In Bolivia, there were about 2.4 hectares of arable land per person in 1993, but the population is rising each year, and thus the amount of quality land for agriculture per family is decreasing (Bolivia - Arable land). On average, a family will have between one and three hectares of land, or between two and a half to seven and a half acres of land to themselves. In the East, the Amazon plains are popular for soybean production because of the rich nutrients (New Agriculturalist). In the mountains and plateaus of the west, many farms grow quinoa because it can only be grown at high altitudes and because of its increasing demand as a health food in the United States, Canada, and Europe (New Agriculturalist). Over a hundred different varieties of potatoes are also being grown on the altiplano, along with coffee, cocoa, corn, and rice, as well as tropical and temperate climate fruits (New Agriculturalist). Coca, the plant from which cocaine is produced, must also be included as it is a major cash crop and is beneficial due to its medicinal properties that help with reducing the effects of the altitude. However, this isn't a popular crop for subsistence farming because a family cannot rely on it for their survival. In addition, government-led eradication efforts are in play, and a decrease in production has been seen because farmers are being offered monetary and social incentives to stop growing the crop (New Agriculturalist). Sheep, llamas, and alpacas are popular also due to the ability to use them for their furs, skins, and meat (New Agriculturalist). Farmers in Bolivia typically practice very traditional methods of growing their agricultural products. They terrace their hillsides and mountains and foot plows are often used by families with lower incomes (New Agriculturalist). Modern tractor use in relatively uncommon in Bolivia. In fact, by the last estimate, there was 0.2 tractor per every 1000 hectares (Bolivia - Farming Technology). So that would mean that, if every farmer owned three hectares, only one in about 1600 farmers owned a tractor. Small farm size and outdated farming methods are huge contributors to Bolivia’s agriculture problems.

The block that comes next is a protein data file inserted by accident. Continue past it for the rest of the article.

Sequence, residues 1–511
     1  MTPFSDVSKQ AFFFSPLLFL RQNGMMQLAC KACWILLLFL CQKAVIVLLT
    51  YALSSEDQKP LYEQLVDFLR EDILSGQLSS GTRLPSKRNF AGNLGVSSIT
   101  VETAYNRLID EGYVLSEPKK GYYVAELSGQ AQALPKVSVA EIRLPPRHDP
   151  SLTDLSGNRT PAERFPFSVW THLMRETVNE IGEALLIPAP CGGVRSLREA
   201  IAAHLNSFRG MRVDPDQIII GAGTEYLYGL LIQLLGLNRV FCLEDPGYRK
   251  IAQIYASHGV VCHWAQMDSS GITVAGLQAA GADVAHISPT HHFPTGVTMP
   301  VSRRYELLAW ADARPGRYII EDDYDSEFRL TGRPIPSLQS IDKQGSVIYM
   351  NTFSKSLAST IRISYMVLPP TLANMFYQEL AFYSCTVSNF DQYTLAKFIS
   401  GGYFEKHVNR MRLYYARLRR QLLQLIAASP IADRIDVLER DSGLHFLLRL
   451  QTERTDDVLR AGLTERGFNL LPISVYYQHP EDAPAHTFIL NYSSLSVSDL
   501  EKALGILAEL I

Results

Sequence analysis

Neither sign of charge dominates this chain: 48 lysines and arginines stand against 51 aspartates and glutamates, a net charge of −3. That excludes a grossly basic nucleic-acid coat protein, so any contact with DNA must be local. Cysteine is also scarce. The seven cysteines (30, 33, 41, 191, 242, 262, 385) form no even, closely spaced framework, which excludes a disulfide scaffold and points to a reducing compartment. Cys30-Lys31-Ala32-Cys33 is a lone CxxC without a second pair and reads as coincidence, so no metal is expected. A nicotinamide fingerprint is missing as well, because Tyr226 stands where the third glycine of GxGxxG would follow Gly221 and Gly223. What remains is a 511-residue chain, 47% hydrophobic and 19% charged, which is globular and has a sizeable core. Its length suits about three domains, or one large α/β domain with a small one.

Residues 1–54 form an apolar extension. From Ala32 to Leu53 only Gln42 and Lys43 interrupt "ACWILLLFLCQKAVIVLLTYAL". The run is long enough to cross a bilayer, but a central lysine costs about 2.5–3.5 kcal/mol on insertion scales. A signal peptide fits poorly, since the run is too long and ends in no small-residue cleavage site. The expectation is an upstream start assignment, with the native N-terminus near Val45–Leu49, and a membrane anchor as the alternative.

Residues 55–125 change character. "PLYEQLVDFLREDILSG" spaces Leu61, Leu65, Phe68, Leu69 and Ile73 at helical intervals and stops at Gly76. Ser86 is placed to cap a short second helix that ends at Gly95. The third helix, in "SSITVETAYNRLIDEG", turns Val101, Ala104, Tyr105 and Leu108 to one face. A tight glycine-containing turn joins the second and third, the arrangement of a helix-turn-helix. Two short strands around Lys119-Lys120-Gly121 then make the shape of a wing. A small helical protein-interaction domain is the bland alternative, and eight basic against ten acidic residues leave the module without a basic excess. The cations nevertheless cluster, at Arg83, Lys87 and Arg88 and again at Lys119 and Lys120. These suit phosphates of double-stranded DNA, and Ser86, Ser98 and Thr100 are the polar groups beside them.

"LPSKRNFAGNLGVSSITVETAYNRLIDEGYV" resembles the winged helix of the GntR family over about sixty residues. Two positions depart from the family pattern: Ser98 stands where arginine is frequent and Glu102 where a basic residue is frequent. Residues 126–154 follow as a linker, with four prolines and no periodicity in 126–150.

One of the most major barriers to improving agriculture in Bolivia is the fact that farmers have so little income coming in that they are doing all they can to get as much out of their crops and animals as they can, despite how damaging it might be to their land. Because they are so focused on bringing in more money, they are pulling their children out of school as early as they possibly can. While this is a good option short-term, this ultimately is bad in the long run, because these children are losing out on the knowledge that they would be able to use to help dig their family out of poverty. With families simply unable to afford to send their children to school and so desperate for immediate monetary relief, they are setting themselves up to be in poverty forever. And for these uneducated children, continuing to work on the farm is truly their only option for employment. Their lack of bilingualism leaves them unable to communicate with potential future employers or colleagues, and they have no experience to speak of in any other industry. With only a few arable acres on their property, families are unable to acquire adequate nutrition because they can only grow a limited amount of one or two crops, depending on the climate of the region they live in, and can only raise a limited number of animals. After feeding themselves, there is little else left over to sell, meaning that they do not have the money to purchase other foods necessary to create a balanced diet. In addition, synthetic fertilizers are very expensive to import, so subsistence farmers are rarely using any fertilizers, herbicides, or pesticides, which means what yields that they are harvesting are substantially reduced. All of these things hinder Bolivia's productions of agriculture, leaving its citizens hard-pressed and in poverty.